I received a call on Friday from a woman in Frisco, Texas on Friday who wanted me to review her home and car insurance. The family’s rates are going up on their upcoming renewal in August, and like most people she doesn’t want to spend more on her insurance than she has to. I don’t blame her!
Since Linda (not her real name) is new to us, I gathered the general information I needed to begin her quotes including names, dates of birth, address of the home, and how long the family has lived there. Before discussing Linda’s home, I let her know I was going to ask several questions about her family’s home. The purpose of my questions is to provide data that will be used by each of the 12 insurance companies I work with in determining the insurance value of her home. A home’s insurance or dwelling amount has nothing to do with what the home could be bought or sold for or it’s assessed taxable value. The amount of coverage may also differ from the amount for which the home is currently insured due to changes in estimated construction cost.
The information we gather to determine a home’s insured value includes:
- Year the home was built and square footage
- The number of stories
- Number of bedrooms and bathrooms
- Living areas
- Type of floor coverings present
- Kitchen and bath grade
- Exterior and interior features
- Home changes due to a remodeling project
- Updates made to the home (roof, HVAC, electrical, plumbing)
- Information about the garage
This data is very important and provides the prospective client and me the opportunity to collaborate on properly insuring their home. Each insurance company I work with has a replacement cost system it utilizes to determine what amount of coverage is needed to replace the home if it were completely lost, say to a fire or tornado strike. The amount of insurance must cover three things:
- Demolition work needed, partial or complete
- Removal of all debris
- Rebuilding a singular home vs multiple homes
There are many costs most people don’t think about that are incurred when rebuilding a home including:
- Home plans / architectural drawings
- Grading the lot
- EPA skirting to prevent eroded soil from going into the drainage system
- Port-o-potty for the workers
In addition, material procurement cost for one home instead of for multiple homes due to the loss of quantity discounts on building materials. Labor costs can also be more and there are delivery costs to have materials delivered to the construction site. There are a number of people in West, Texas and the Oklahoma City, Oklahoma area that are wrestling with what to do after experiencing total losses and finding out their homes were not insured adequately.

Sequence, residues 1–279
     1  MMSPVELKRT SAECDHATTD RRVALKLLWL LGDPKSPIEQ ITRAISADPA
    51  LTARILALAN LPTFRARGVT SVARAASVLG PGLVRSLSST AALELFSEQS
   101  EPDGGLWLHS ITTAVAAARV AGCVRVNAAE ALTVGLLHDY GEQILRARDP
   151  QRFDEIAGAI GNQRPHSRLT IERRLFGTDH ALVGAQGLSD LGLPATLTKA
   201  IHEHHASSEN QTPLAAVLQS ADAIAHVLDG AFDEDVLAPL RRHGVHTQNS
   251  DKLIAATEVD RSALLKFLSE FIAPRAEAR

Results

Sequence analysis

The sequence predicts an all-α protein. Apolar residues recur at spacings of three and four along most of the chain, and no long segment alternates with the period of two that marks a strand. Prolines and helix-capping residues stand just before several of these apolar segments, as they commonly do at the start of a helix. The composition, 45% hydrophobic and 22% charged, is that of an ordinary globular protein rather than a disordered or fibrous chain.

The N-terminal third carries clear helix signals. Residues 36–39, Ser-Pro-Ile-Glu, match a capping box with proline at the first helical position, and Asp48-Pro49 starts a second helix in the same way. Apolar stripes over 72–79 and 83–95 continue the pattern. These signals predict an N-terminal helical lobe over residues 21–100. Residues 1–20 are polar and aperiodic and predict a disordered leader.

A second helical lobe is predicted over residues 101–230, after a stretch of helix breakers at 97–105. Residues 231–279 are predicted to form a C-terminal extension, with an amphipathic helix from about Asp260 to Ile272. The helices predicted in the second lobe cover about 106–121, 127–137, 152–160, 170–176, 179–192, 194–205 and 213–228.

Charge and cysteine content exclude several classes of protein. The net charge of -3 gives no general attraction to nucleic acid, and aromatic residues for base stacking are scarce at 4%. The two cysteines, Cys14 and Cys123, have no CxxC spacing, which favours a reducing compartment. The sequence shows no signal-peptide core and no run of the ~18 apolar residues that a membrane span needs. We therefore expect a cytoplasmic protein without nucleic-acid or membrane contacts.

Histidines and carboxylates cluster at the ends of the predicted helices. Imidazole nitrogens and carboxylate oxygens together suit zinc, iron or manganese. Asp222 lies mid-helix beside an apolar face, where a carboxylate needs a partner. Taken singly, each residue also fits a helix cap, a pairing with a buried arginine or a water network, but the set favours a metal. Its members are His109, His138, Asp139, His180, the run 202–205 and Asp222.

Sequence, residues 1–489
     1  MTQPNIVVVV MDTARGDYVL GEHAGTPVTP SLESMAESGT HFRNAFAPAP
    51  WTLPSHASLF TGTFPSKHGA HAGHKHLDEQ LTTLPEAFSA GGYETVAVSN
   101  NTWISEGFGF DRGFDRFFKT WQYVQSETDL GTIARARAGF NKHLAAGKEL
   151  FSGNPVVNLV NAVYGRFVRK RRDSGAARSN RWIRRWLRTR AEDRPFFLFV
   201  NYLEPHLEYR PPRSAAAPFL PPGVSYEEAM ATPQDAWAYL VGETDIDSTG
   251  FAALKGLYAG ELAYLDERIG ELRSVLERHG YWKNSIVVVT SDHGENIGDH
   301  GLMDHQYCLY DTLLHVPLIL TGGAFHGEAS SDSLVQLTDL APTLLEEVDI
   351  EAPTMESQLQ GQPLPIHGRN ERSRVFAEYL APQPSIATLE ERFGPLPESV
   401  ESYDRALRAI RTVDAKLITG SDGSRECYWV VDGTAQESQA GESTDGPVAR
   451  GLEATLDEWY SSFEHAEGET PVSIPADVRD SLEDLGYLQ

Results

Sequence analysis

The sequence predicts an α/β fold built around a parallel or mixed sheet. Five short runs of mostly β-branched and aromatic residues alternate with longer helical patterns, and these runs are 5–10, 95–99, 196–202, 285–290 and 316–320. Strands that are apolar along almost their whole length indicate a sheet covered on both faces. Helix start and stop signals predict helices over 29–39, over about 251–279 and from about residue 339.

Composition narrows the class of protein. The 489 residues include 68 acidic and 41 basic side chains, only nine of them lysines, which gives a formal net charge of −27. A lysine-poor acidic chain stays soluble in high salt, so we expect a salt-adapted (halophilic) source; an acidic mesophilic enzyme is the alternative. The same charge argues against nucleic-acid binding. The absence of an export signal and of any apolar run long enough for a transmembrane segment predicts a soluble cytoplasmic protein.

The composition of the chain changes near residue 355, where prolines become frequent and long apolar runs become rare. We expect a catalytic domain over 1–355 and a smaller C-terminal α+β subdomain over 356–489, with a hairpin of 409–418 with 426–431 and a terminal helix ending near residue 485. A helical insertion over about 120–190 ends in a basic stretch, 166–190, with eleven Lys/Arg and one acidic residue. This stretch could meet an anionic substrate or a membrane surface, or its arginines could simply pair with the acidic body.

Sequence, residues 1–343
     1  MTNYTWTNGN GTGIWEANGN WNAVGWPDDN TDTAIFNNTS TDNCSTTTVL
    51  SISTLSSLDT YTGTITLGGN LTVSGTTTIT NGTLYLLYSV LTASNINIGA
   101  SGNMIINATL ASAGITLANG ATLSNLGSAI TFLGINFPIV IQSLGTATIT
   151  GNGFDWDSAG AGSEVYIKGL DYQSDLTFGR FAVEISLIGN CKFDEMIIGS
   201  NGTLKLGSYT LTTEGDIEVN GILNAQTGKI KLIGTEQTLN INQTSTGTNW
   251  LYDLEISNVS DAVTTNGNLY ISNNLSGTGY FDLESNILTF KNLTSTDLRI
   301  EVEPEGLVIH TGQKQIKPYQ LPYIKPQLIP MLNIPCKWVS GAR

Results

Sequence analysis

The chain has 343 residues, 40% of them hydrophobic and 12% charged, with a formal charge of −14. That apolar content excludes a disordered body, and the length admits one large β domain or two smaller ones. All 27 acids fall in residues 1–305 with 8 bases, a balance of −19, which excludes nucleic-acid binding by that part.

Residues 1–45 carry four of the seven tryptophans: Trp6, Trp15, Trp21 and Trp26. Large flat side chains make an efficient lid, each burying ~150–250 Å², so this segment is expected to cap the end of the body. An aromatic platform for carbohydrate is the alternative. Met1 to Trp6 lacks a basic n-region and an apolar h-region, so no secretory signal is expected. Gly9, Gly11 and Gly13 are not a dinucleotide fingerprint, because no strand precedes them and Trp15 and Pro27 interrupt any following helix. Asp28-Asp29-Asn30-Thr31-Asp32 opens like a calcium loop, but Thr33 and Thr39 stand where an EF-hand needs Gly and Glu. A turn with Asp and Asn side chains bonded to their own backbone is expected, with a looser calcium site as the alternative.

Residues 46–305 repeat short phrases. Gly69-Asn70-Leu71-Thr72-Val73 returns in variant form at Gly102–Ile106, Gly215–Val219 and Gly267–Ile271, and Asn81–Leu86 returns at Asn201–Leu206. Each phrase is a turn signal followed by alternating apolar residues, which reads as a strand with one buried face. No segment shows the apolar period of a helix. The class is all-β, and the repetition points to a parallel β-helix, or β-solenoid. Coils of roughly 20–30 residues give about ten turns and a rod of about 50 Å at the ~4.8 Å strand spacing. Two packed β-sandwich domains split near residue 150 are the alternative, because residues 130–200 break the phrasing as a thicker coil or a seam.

While Linda and I were discussing the information she provided, she sent me a copy of their current insurance declaration page. This shows the current levels of coverage on their home. I divided the dwelling value by the square feet of their home and realized it’s insured for a little more than $92 a square foot. Most insurance companies are insuring homes in the Dallas / Fort Worth area for $100 to $130 a square foot, depending on the finish out. I realized Linda’s home was underinsured and shared with her what I thought would happen: that the replacement cost value would come in higher than her current level of coverage.
Most people I work with are grateful for the effort I take to adequately insure their home. I’ve only had one prospective client who was curious why I asked her all these questions as none of the other agents did. That made me wonder how well her home was insured. I’d hate for anyone to find out after a total or near total loss they were underinsured!
I know I’ll be able to offer her a competitive rate on her home and auto insurance, but it may or may not be lower than what she’s currently paying for home insurance. Regardless of what Linda decides, I know I will present an accurate quote to her and their home will be insured for its full replacement cost value.
Do you have a question, comment, or experience you’d like to share? Please share them on our Facebook page or in the comments section of our blog. I’d love to hear from you!